In the early days of Power BI, before Power BI dataflows, I would sometimes work around this problem by defining a set of Power Query queries in an Excel workbook, configuring those queries to load data into worksheets rather than into the data model. I would then use that Excel workbook as a data source for my primary queries. Essentially I was using an Excel file as a self-service data mart, since there wasn’t any similar capability in Power BI at the time. Here’s an example of the queries in a Power BI solution that I built almost five years ago[1]:


These queries are the foundation of a solution I built to track my personal fitness, back when my exercise routine revolved around lifting weights. Back before I knew that people fought with longswords. I haven’t looked at it in years, but the organization shown in the screen shot above sure looks familiar.

There’s one folder for the queries extracting data from each source system. These queries are configured as “connection only” which means the data isn’t loaded directly into the data model – these queries serve as data sources for other queries. One of the folders for source queries references my Excel “staging area” workbook. As implied above, this other workbook contains data from sources that are too slow to include in the refresh of the primary solution workbook, as well as sources that update very infrequently, so that refreshing the data on a regular basis would be unwarranted and inefficient.

There’s also one folder for the queries that define the solution’s data model. These queries are loaded and represent a simple star schema that is friendly for analytics use cases.[2]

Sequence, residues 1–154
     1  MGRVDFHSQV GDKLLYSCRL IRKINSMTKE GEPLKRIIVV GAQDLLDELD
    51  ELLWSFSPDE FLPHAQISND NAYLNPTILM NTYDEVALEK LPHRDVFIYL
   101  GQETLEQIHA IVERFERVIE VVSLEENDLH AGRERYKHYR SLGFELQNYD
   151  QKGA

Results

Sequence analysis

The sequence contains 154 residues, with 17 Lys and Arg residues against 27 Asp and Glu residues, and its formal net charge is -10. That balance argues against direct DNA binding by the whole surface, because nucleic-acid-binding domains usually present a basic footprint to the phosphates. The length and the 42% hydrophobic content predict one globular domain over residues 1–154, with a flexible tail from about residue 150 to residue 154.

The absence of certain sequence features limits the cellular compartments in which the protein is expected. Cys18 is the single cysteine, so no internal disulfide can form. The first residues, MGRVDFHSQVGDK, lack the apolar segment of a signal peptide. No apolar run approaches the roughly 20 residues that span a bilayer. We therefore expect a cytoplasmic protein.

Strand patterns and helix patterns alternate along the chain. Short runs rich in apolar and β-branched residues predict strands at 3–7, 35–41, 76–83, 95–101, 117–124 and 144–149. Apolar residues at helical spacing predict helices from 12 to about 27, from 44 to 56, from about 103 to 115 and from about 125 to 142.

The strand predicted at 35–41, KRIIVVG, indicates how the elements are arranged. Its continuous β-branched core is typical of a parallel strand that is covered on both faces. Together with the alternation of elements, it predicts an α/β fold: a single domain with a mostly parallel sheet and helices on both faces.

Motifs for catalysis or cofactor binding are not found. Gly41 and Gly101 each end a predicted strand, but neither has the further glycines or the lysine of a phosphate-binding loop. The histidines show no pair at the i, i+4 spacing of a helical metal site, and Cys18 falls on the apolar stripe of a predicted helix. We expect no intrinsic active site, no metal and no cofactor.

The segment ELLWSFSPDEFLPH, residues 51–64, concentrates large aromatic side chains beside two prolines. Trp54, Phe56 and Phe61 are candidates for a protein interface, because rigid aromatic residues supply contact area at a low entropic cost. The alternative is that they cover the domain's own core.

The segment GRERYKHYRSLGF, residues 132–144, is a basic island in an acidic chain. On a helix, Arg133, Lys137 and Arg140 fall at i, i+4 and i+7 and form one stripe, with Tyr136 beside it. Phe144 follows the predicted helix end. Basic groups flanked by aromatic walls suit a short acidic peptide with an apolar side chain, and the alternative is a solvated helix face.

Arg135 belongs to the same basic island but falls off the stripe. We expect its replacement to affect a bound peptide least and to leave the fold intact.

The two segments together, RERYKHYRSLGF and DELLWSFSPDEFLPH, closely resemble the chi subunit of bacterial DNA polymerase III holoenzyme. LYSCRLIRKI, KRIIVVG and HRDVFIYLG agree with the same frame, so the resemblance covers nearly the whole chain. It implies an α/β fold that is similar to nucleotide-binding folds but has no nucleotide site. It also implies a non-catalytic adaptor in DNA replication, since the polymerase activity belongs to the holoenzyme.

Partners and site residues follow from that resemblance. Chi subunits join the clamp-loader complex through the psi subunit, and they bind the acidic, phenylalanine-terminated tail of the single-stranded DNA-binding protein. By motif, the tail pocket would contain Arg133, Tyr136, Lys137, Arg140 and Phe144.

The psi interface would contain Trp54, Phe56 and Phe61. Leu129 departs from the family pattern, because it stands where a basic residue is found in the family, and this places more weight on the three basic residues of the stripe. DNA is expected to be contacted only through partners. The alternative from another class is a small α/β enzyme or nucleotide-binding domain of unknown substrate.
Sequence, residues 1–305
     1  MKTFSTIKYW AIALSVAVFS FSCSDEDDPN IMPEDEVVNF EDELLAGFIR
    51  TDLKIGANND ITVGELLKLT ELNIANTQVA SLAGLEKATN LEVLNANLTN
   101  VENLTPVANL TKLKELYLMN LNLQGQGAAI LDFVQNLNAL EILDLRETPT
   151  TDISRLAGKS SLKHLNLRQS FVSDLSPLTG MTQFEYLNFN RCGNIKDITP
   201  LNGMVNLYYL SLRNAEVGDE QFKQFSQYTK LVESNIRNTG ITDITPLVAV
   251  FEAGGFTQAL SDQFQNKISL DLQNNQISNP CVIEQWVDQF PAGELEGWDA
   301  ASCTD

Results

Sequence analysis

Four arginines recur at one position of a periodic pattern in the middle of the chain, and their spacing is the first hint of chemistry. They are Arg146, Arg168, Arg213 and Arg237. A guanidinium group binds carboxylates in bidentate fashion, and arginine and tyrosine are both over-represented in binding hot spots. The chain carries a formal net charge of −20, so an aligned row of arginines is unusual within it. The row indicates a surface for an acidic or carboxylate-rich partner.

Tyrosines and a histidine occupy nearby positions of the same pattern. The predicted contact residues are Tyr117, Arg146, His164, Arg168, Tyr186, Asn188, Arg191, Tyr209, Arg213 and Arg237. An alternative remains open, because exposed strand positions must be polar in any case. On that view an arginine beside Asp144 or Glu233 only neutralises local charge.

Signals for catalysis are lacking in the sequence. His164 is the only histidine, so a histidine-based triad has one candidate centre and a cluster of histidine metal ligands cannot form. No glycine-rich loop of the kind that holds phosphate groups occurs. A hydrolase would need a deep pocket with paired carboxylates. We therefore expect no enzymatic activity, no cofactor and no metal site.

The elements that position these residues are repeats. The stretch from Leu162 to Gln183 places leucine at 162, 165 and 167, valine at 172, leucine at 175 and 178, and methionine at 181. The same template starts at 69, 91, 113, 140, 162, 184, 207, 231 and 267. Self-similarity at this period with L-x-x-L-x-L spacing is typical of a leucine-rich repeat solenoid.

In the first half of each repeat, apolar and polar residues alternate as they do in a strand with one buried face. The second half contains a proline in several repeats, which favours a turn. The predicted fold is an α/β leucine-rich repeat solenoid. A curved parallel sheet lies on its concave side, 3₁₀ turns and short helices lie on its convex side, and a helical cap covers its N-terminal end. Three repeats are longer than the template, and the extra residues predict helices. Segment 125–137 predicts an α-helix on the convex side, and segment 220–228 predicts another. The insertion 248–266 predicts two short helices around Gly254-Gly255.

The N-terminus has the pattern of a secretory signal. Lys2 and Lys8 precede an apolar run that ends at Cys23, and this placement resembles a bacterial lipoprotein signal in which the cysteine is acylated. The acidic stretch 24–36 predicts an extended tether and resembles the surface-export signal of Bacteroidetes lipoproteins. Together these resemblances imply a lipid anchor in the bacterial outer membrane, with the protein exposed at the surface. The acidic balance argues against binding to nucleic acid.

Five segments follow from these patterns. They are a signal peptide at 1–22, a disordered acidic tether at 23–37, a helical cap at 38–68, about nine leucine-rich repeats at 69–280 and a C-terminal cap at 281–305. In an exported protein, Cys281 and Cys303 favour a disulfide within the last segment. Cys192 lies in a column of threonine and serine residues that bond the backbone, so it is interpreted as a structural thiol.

Does this pattern look familiar?

I hope it does. This is essentially the same pattern that I’ve included in almost every dataflows presentation I’ve delivered. This one:


Dataflows make this pattern much easier to implement and maintain.

Were I to build a similar solution today[3], I would factor it in the same way. Each folder in the Excel-based solution would translate into a Power BI dataflow, and the queries in the folders would translate into entities. By having each source as its own dataflow, I can independently configure refresh schedules based on the performance and data freshness characteristics of each source. And by having the data in dataflow entities, I can easily reuse that data in multiple Power BI solutions – and enable other users in my organization to do the same[4].

If I were using Power BI Premium, I would probably build the whole solution using dataflows and computed entities, and only load the star schema into Power BI Desktop.